Recently, many people (including the governor) have compared Pennsylvania's budget negotiations to that of a belt-tightening family sitting around the kitchen table making decisions on where to cut back.
Besides the fact that it is precisely economically challenging times like these when more families turn to Pennsylvania for a variety of assistance options -- from LIHEAP to higher education grants to unemployment compensation (and up until March, adultBasic), there are other inaccuracies with this overly-simplistic Beaver-Cleaver family comparison.
If you do choose to adopt the premise that running the Commonwealth, with its 12 ½ million people, is like that of an average family there are other flaws with the governor's comparison.
First, a family wouldn't leave a potential revenue source on the table. If your spouse came home one day and told you that they lost their job or had their hours cut back, sure you'd sympathize with them and look for ways to trim your budget, but you wouldn't just hunker down in a fit of depression...you'd encourage them to find a new job or supplement the family income with another revenue source to replace the lost income. So the "PA family" should be smart with the revenue it has, but also consider options for generating additional revenue, like a severance tax on Marcellus Shale. Especially when 70% of residents agree.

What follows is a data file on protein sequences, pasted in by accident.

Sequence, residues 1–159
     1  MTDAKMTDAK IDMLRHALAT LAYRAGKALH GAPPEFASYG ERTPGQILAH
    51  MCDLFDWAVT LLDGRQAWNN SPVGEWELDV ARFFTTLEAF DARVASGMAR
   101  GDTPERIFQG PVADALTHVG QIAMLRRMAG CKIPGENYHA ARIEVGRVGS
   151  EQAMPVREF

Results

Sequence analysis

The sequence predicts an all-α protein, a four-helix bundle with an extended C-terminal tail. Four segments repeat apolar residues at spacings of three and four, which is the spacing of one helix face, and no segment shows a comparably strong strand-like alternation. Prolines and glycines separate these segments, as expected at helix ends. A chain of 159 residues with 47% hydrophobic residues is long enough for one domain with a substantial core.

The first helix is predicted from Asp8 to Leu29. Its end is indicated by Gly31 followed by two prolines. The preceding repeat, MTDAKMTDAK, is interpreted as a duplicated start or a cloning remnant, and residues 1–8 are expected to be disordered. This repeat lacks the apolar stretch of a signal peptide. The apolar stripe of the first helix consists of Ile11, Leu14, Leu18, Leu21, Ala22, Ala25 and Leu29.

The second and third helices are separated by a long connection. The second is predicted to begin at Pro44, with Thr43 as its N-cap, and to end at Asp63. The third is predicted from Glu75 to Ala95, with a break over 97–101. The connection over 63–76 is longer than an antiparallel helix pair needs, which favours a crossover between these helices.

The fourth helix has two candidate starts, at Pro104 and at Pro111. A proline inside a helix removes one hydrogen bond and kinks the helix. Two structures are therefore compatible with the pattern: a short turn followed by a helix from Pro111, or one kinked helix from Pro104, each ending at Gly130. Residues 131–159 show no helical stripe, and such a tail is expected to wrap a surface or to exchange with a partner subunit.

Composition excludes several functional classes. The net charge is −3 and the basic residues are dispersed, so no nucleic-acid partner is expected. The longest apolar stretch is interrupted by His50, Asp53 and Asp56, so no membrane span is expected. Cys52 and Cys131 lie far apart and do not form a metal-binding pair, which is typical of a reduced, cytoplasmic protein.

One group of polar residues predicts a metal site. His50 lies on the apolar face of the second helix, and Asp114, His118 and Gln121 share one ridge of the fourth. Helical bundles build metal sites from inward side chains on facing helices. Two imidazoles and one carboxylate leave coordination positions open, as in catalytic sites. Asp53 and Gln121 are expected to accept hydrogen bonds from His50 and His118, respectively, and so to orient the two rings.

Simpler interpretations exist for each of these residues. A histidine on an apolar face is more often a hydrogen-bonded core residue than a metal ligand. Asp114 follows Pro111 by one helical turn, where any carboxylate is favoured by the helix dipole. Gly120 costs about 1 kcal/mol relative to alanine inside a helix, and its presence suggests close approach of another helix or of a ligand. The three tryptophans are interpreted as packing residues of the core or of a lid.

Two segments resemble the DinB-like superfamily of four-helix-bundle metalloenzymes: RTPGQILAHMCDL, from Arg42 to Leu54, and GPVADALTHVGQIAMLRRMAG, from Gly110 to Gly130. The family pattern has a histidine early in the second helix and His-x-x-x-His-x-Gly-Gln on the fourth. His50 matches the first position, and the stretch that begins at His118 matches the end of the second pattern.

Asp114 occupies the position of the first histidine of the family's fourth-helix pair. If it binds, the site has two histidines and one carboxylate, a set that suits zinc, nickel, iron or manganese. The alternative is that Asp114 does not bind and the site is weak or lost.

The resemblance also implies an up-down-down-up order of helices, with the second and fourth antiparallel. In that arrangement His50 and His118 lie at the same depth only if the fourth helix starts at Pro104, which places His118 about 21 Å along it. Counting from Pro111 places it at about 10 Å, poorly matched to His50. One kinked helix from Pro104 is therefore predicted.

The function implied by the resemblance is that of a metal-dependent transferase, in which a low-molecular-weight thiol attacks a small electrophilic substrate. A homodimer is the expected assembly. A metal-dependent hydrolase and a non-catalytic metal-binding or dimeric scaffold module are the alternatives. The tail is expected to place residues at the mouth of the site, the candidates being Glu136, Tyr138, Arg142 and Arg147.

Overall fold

Similarly, you wouldn't allow your able-bodied 28-year old, who is still living at home for free to continue to do so without helping out with the family budget. And you certainly wouldn't give them an extra $50 a week in beer money to further deepen your revenue shortfall. But that's exactly what Gov. Corbett and the Republicans are doing.
They are refusing to close the Delaware loophole allowing corporations to make profits in Pennsylvania without paying taxes here, they are handing out bonus depreciation allowances to the tune of $200 million+ p/year to their corporate contributors, and are allowing big box retailers to keep money that customers paid in sales tax by calling it a "vendor discount."
Another thing your family wouldn't do is invest a lot of money in a product with unproven outcomes. Yet, the GOP is considering instituting a school voucher program, rather than maintaining the investment in our state's public schools, which have demonstrated measurable improvement over the past 8 years.
No doubt budgeting is tough: for a family of 4 and a state of 12 million+. Everyone supports cutting waste, fraud, and abuse...and everyone SHOULD be for a fair share solution, but when Pennsylvania's families are facing higher college tuition costs, elimination of full day kindergarten, cuts to healthcare and more, while multi-state and national corporations are being let off the hook for any tax burden and being given bonuses because "someone" took a "no tax pledge" on the campaign trail...it makes you wonder who is responsible for the dysfunction in this family?